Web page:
The mission of a magazine cover is to jump out of the crowded newsstand and instantly grab your heart, mind or gut with just a photo and a headline. Well, it's mission uber-accomplished for the May 10 issue of Time Magazine, which promoted a story on "attachment parenting" with a cover photo of a mother breastfeeding her three-year-old son, along with a headline that dared, "Are You Mom Enough?" The cover sparked debate on talk shows, social media and was the top search term the day after publication.
The most effective magazine covers are a unique blend of journalistic, communications and advertising expertise—after all, they're meant to sell. The Los Angeles Times called the cover a "shocking stroke of genius." Others stopped at "shocking." We work the ad beat, so we wondered what advertising experts thought about it. Better yet, what do women in advertising think?
Here are some insightful opinions from women executives:
Ruth Bernstein, Co-Founder and Chief Strategic Officer, YARD:
"I loved the cover. It made me look. It made me think. It made me wonder if the benefits go beyond the child, as to how the mother stays so slim. The cover made me feel much better about the fact my own three-year-old still comes into our bed at night every so often. Look, the truth is, we live in a world where women are shown in sexually suggestive ads with a $2 hamburger and bodies that are airbrushed into skeletons. The TIME cover was provocative, but there's a purpose: a relevant conversation about parenting that real women are actively participating in. Certainly there were those who were shocked by it…but maybe as a society we need to question what we're truly shocked by."
Sara Rotman, Founder, Chief Executive Officer and Chief Creative Officer of MODCo Creative:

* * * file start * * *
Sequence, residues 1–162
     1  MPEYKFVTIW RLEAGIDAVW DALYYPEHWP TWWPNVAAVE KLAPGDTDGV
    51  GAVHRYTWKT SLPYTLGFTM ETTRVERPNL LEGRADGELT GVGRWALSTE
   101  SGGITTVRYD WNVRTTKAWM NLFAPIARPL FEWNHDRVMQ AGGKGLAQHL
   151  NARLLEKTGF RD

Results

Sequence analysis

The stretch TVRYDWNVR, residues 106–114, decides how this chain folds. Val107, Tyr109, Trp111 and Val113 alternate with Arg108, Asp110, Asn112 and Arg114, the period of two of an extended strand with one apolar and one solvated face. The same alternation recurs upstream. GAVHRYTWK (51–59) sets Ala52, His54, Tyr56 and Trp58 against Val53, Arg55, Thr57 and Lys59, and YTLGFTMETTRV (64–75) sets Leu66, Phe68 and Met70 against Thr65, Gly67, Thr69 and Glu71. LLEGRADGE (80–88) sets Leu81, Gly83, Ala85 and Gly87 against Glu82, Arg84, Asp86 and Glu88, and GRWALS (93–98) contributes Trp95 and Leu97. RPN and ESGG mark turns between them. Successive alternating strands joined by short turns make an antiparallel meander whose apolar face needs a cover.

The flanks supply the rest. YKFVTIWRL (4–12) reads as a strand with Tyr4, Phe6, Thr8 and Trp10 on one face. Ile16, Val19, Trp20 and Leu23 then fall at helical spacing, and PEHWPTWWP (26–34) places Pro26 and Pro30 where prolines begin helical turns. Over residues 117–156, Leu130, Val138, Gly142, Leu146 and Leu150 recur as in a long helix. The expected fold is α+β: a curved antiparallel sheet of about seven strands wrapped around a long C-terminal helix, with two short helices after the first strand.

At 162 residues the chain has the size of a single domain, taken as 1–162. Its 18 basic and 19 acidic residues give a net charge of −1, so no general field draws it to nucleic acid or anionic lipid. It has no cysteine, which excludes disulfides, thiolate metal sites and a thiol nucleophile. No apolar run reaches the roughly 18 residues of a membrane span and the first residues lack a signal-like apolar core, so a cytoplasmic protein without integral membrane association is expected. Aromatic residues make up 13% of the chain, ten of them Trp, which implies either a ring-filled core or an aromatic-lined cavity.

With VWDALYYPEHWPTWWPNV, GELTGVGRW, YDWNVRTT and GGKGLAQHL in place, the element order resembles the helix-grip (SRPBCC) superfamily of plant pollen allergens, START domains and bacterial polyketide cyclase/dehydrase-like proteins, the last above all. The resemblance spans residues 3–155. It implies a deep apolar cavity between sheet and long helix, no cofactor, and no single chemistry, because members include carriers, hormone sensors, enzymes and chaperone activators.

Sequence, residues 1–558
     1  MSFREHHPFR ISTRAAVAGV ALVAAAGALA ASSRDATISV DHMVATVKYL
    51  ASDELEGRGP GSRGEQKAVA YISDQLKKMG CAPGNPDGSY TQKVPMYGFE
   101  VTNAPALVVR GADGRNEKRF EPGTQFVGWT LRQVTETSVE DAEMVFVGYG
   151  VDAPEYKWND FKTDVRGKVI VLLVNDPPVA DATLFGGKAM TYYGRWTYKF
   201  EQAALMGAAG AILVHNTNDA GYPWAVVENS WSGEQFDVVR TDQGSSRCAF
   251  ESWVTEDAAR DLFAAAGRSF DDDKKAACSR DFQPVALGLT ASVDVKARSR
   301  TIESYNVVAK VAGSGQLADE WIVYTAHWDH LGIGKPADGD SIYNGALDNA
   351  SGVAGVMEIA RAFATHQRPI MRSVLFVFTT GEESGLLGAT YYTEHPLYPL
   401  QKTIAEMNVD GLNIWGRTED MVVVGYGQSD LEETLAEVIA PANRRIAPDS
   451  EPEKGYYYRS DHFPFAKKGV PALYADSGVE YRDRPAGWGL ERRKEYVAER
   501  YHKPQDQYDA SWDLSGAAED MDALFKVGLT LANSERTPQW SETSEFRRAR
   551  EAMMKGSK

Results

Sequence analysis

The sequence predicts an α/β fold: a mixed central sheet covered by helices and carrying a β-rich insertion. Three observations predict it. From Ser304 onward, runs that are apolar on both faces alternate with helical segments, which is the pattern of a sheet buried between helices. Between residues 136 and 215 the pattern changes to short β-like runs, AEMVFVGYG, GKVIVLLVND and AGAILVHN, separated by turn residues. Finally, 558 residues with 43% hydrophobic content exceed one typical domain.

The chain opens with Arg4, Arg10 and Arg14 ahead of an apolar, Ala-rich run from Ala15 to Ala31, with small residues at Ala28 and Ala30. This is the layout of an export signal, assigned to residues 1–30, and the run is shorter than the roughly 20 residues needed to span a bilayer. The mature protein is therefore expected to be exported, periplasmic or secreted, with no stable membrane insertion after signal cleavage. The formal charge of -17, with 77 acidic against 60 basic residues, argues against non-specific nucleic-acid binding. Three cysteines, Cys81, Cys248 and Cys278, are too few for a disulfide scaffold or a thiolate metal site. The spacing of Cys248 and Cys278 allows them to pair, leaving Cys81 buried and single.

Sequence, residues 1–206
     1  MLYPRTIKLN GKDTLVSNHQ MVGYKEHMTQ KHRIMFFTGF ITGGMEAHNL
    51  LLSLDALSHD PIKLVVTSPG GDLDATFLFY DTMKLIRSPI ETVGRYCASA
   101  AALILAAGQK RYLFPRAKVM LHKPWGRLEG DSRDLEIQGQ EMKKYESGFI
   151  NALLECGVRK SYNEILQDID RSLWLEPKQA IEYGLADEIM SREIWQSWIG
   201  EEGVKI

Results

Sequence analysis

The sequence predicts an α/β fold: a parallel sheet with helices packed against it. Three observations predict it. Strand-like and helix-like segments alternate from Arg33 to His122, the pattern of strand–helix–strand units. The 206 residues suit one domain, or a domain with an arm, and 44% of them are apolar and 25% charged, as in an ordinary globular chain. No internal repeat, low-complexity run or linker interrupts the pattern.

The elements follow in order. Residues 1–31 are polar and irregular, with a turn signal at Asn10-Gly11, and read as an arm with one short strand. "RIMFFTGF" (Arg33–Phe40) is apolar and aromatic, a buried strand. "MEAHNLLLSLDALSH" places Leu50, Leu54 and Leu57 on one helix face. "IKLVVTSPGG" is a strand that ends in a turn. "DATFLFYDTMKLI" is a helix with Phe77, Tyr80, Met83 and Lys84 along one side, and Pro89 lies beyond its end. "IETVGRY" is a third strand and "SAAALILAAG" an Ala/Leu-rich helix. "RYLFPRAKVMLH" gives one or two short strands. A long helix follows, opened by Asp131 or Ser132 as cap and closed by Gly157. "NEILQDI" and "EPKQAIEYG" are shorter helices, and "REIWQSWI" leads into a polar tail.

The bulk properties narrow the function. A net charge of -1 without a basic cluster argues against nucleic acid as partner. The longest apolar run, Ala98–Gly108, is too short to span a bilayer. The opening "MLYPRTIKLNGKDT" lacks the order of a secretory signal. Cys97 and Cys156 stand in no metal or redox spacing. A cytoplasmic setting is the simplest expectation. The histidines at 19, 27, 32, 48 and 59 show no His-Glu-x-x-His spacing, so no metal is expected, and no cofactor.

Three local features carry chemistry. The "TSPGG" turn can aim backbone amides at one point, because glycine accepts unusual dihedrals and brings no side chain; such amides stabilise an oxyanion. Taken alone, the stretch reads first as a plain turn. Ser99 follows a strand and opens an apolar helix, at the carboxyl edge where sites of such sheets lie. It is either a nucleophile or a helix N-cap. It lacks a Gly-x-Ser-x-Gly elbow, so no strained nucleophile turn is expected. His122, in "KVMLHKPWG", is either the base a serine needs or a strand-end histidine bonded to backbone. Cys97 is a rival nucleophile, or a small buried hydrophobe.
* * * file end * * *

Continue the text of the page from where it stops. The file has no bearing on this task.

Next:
"As art directors/image makers, our job is to manipulate the (implied) meaning of imagery in order to illicit a particular response. In this case, the casting, pose, styling and setup of the image create a clearly implied sexuality between mother and child that pushes all of our buttons. How can that not be shocking?"
Emily Heyward, Director of Strategy, Red Antler:
"My personal feeling is that there should be an amusement park-style rule in reverse: if you're tall enough to reach these (even with a stool), get off the ride. But I do think it's a bit irresponsible of Time to run a cover that's clearly going to disgust most people, when (presumably) the article is meant to illuminate different points of view on parenting."
Emma Cookson, Chairman, BBH New York:
"Well, personally, I've always thought that it's time to stop breastfeeding when your child is old enough to pass comment on your breast. Professionally, as someone in the communications industry, it is interesting to see the public divergence in what people think is acceptable to hear about versus what's acceptable to actually see. And I think this is the difference of an intellectual reaction versus the gut or emotional reaction that visual imagery evokes. No one would have reacted in outrage to the headline 'Mom breastfeeds 3-year-old,' but the visual triggers a more visceral, emotional and maybe more genuine human response."
Victoria Davies, Managing Partner at CHI&Partners:
"My view is that anything that starts a conversation is a good thing. We don't live in a nanny state, yet politics makes us feel like we do. Society puts so much pressure on moms today to do the right thing, whatever today's 'right thing' might be. My favorite tweet so far is, "TIME Magazine is going to milk this for all it's worth.""
Carolyn Hadlock, Executive Creative Director and Principal, Young & Laramore:
"What's interesting to me is that everyone is responding to the visual, which of course, is provocative. But if I were to find anything inflammatory, it would be the headline, 'Are you Mommy enough?' THAT is a straight attack to the heart. It has nothing to do with breastfeeding. It has to do with making Moms feel bad. Culture has already fed us Tiger Mom — who unbelievably, has inspired many women. Many moms already feel unworthy and guilty on a daily basis. We all sometimes wonder if we're not being Mommy enough. This cover feeds that in a reckless way."
--- The Team